From the publicity for Edinburgh's Chinese New Year celebrations. I snipped this from the Internet, but the same poster is adorning bus stops city-wide.
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Saw this sign taped up on a wall recently.
1. What kind of job is the top one? (The ￥2800 to ￥3200 one. 切菜工)
2. What sort of skills would you need to apply? What would you mainly be doing?
3. What kind of establishment posted this ad?
5. Any thoughts about the second job? (女工一名)
4. Are 招聘 and 薪资 two of your flashcards? Do you know some other ways to say "salary?"
Read before you intend to escape, not at the time of said escape.
(Location: Taipei apartment balcony)
Spotted near a Hunanese shaokao stand off South Pudong Road.
Here are some good-to-know words from the small print near the bottom:
Caution: This spoiler gives it all away.
OK I know weird translations of food are a cheap shot, but I figured someone must know the story behind this one...
Possibly even the precursor to women laughing alone with salad?
One of the first things I noticed when I moved to Beijing is the very big red and white banners which appear to have propaganda/slogans on them.
I can translate them literally, but I wonder if there's a proper way of expressing them in English which has the right tone and vocabulary to make them sound like the voice of the Party?
Proud to add this to my collection of photos of manhole covers. It's quite rare now that I see a new type of cover, but this is the first one I've seen marked excrement. The character is 糞, the full form of 粪 (fèn), although the proportions make it look as much like 米田共, a euphemism based on the componenents of the full form character. I assume it leads to a septic tank rather than a pipe carrying turds around the city.
Manhole-enthusiasts can find this gem at the corner of Wangfujing and Meishuguan Dongjie.
Just a quickie for this one kindly sent in by Gato, of a supermarket on Nanjing Road, Shanghai. We can only assume that they have no trouble making change.
I have posted these two on the original signese.com website. But because roddy lets me post here I am posting them (being quite recent, really) here again.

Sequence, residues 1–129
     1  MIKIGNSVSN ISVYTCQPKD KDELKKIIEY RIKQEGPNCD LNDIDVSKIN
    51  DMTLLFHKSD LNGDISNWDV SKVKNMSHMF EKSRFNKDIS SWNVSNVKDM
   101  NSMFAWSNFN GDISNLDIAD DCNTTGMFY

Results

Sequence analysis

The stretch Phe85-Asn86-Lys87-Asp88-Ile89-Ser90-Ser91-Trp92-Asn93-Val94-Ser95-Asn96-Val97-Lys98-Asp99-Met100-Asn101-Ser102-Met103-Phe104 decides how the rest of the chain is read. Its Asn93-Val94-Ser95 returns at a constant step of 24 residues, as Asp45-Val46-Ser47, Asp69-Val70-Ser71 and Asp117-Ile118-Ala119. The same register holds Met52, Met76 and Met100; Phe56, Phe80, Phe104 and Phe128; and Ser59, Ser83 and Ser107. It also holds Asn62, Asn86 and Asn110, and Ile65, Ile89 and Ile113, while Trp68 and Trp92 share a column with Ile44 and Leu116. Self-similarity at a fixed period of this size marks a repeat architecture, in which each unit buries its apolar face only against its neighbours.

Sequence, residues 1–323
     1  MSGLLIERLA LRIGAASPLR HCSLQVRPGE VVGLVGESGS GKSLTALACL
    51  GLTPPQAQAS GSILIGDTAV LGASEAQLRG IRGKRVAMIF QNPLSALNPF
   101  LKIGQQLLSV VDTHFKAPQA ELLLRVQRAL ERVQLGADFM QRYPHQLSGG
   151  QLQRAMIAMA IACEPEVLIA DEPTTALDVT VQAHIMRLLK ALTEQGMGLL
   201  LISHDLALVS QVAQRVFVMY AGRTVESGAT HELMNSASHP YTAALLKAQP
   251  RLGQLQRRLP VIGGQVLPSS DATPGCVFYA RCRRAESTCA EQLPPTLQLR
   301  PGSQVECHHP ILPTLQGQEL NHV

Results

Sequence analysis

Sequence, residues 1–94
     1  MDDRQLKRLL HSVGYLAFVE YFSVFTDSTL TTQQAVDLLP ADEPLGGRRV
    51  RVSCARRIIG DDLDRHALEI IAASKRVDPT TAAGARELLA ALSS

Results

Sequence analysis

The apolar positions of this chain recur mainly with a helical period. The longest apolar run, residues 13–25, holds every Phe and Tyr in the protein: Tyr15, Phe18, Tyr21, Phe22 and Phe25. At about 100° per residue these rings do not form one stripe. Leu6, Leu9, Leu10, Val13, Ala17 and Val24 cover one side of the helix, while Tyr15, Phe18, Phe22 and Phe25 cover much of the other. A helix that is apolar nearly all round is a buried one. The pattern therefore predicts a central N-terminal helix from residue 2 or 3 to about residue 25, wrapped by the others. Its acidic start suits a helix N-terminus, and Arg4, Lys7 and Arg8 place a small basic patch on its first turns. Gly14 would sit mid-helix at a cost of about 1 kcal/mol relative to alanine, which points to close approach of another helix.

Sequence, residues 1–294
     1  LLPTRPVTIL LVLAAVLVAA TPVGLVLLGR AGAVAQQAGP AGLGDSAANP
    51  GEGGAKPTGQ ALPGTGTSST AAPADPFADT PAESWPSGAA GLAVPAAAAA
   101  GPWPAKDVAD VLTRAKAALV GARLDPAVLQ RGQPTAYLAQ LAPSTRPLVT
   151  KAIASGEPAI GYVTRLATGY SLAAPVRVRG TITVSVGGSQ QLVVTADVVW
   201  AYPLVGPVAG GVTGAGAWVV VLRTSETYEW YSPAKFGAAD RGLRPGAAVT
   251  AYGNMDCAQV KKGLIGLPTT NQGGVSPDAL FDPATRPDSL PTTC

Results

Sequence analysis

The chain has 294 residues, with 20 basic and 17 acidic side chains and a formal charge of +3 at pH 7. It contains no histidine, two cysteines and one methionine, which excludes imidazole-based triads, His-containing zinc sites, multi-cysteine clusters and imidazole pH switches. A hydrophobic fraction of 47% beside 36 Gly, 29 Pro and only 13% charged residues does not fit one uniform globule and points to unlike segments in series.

One was taken at the border crossing point at Huanggang, the other at a metro station in Hong Kong.
I snapped this one as the usage of 勿搞 caught my eye.
Of the six rules, which
a) prevents you making some pocket money selling ice cream?
B) prevents a picnic on the grass (to be honest I don't actually recall there being any grass . . )
c) might require you to take out your wallet
d) puts a damper on your bicycle polo plans
Having no access to the signese company car I wandered on foot today and saw this banner on a reclamation site. I like the slogan, but really it is the Chinese name of the company that I found most interesting (just that I had not heard of it before).
Snap of a blackboard advertising a promotion at a Beijing diner.
1) When does the promotion take place?
2) How much do you have to spend to qualify?
3) How much beer will you then be entitled to?
4) What other goodies will be provided?
If only traffic rules in English speaking countries were presented in iambic pentameter.
Reduce each line to a simple English statement, and find the mathematical error.
Very quick one today - what's the Chinese name of the magazine?
Every time I walk past this I think 'must look up that first character, which looks like it will be pronounced something like ge but may well not be' but I never actually bother. So your mission, should you choose to accept it, is to look the darned thing up.
I am recycling my older photos posted on the original signese dot com.
What do the notices say?
Today's mission: Identify the party responsible for this and report him or her to the relevant local police station. Bonus points for anyone who comes up with the scribblers weblog, QQ number or similar info.
It's a 1999 note, and it may have spent some time making its way from the scene of the crime to Beijing, so the culprit may have moved on. Do not let this stop you. Do not give up. Do not lose heart. Justice must be done.
Which of these services might you expect to get a Mickey Mouse service from? And where (you might need to strain the eyes a bit) might you expect them to get a lot of their customers from?
I am back from a short trip to Shanghai and these are two of the pictures I took during a visit to the China Pavilion of the Expo 2010 site.
Observation 1 - I wonder if everyone (e.g. Chinese learners and users of simplified script) sees what Chinese character the logo next to the words "中國館" represents ...
Observation 2 - the name of the kid who did that painting is quite unusual in my opinion. I had never seen such a surname before, and the given name is just too good. Your view?
I saw this poster yesterday when I was on an escalator. I was quite surprised, mainly by Charles' generosity (well he probably did not know what he was doing and it might be his wife's idea). The combined forces of illness and aging are intimidating.
I meant to take a picture of this today but had missed it (as I was on an escalator). So I had to go downstairs again to take this picture.
Now (Q1) see if you know what this poster is about. Do note the new Chinese name of the illness, which is now in use in Hong Kong, and (Q2) guess what the old Chinese name was. The name has been changed to project a more positive light to the patients. We did the same to another illness a few years back. That illness is now called 思覺失調 over here. (Q3) Guess what it means and what it was called before (you might have to google a bit).
What's in the bags on the back of this bike?
Most of the questions I've asked about pictures here have been rather easy. Here's a more difficult one...
Where was this picture taken?